In practice, it turned out to be a poor decision. First, we ended up having quite a lot of non-trivial UI (even though Wind-up Knight is a pretty simple game, interface-wise), which required me to write those 7000 lines of native code twice in two different languages (and if we ever want to port the game elsewhere, I’ll have to write it again).
Second, the tools provided by Apple and Google are not artist-friendly tools. They both require intimate knowledge of how the UI subsystems that run the OS work under the hood. Therefore, the only person who can author UI with this setup is the engineer (that’s moi). Unfortunately, engineers are rarely artists; though I worked from mockups generated by people who understand art and did my best to replicate them, the UI in Wind-up Knight is missing much of the polish that we put into the rest of the game. Our artists, Mike and Casey, didn’t have access to the UI authoring environment and couldn’t get in there to work their magic.
Third, as the game got larger our Unity rebuilds got slower and slower. This is especially problematic for Android because we need to do a Unity rebuild to test every change. With 52 levels it takes Unity a few minutes to build and package our game as an apk, so even a one-line Java change requires a lot of waiting to verify. It would be nice if Unity had an incremental build system for this kind of stuff.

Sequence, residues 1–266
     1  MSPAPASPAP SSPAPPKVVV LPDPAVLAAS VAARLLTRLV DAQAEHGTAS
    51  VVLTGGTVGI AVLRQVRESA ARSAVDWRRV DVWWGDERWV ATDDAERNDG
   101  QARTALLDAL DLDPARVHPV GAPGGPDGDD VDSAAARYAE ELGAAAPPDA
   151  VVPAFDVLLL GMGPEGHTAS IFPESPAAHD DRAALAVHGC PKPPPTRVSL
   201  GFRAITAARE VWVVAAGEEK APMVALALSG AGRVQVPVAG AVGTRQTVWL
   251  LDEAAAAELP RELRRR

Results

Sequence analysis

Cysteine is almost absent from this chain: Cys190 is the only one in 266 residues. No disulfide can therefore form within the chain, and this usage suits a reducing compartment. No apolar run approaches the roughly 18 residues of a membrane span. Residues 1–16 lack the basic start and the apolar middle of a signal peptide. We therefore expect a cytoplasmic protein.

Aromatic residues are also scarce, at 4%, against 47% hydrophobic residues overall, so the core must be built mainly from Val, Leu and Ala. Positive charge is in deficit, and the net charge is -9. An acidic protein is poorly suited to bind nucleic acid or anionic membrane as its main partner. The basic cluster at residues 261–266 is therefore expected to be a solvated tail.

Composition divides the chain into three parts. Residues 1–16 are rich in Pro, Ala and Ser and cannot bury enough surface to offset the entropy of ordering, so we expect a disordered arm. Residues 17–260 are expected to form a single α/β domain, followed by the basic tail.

Fourth, and perhaps most importantly, maintaining a few thousand lines of code in two different languages is costly and error-prone. Porting Wind-up Knight from Android to iOS was trivial at first, but as our UI grew more complex the amount of work it required to mirror in Objective-C became significant. In the end, between the two platforms, I wrote more UI code than game code (!!), and though that code was not complex, it was quite time consuming. And the result was a serviceable but far from fantastic UI.
One thing about this plan that did go well was our plans for localization. Thanks to OS native text rendering, implementing Japanese text was pretty trivial. There are still some issues (word wrapping rules for Japanese suck on both platforms), but for the most part it worked exactly the way I had planned it. Japan is our #2 market worldwide, and at this moment it’s #1 for iOS; I suspect that success has a lot to do with our Japanese localization.
Future Robot Invader games will definitely leverage platform APIs, but probably not for UI. There are other things we do in Java and Objective-C, such as in-app billing integration, GameCenter calls, and Android Notifications. Those kinds of things are quick and easy to do in the OS-native programming environment, and really don’t belong in Unity code anyway. But for the next project, my plan is to spend some significant time building a proper UI system within Unity (or perhaps buying one of the available 3rd party libraries).